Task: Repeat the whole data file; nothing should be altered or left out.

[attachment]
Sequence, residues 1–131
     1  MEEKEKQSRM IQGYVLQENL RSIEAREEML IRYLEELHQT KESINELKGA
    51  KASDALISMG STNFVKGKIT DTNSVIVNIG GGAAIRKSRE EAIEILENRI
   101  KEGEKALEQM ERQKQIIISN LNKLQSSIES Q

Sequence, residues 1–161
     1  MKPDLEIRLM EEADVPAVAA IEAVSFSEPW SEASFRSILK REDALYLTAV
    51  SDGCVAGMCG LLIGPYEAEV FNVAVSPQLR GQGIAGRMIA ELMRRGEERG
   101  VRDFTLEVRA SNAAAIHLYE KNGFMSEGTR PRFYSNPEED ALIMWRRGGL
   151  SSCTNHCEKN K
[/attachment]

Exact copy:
Sequence, residues 1–131
     1  MEEKEKQSRM IQGYVLQENL RSIEAREEML IRYLEELHQT KESINELKGA
    51  KASDALISMG STNFVKGKIT DTNSVIVNIG GGAAIRKSRE EAIEILENRI
   101  KEGEKALEQM ERQKQIIISN LNKLQSSIES Q

Sequence, residues 1–161
     1  MKPDLEIRLM EEADVPAVAA IEAVSFSEPW SEASFRSILK REDALYLTAV
    51  SDGCVAGMCG LLIGPYEAEV FNVAVSPQLR GQGIAGRMIA ELMRRGEERG
   101  VRDFTLEVRA SNAAAIHLYE KNGFMSEGTR PRFYSNPEED ALIMWRRGGL
   151  SSCTNHCEKN K